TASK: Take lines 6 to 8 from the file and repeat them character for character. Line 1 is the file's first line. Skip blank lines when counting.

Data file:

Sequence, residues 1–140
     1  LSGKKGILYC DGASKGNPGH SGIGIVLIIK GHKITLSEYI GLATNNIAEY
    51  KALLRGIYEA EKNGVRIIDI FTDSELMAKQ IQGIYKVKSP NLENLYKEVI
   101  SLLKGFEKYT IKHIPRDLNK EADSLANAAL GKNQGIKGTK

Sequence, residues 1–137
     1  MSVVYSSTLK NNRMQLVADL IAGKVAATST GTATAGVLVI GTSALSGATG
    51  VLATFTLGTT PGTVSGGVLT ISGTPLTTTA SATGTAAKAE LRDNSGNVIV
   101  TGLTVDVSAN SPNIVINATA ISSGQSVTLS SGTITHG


     1  MSVVYSSTLK NNRMQLVADL IAGKVAATST GTATAGVLVI GTSALSGATG
    51  VLATFTLGTT PGTVSGGVLT ISGTPLTTTA SATGTAAKAE LRDNSGNVIV
   101  TGLTVDVSAN SPNIVINATA ISSGQSVTLS SGTITHG